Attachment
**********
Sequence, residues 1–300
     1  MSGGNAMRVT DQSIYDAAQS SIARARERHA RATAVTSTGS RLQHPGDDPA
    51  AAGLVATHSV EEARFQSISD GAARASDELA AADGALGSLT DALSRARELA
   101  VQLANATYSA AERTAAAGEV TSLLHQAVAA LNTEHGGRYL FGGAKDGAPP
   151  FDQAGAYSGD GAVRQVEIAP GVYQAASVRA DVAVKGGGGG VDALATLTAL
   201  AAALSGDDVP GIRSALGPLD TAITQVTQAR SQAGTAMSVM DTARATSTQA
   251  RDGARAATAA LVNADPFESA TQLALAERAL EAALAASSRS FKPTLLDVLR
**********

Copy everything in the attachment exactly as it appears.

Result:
Sequence, residues 1–300
     1  MSGGNAMRVT DQSIYDAAQS SIARARERHA RATAVTSTGS RLQHPGDDPA
    51  AAGLVATHSV EEARFQSISD GAARASDELA AADGALGSLT DALSRARELA
   101  VQLANATYSA AERTAAAGEV TSLLHQAVAA LNTEHGGRYL FGGAKDGAPP
   151  FDQAGAYSGD GAVRQVEIAP GVYQAASVRA DVAVKGGGGG VDALATLTAL
   201  AAALSGDDVP GIRSALGPLD TAITQVTQAR SQAGTAMSVM DTARATSTQA
   251  RDGARAATAA LVNADPFESA TQLALAERAL EAALAASSRS FKPTLLDVLR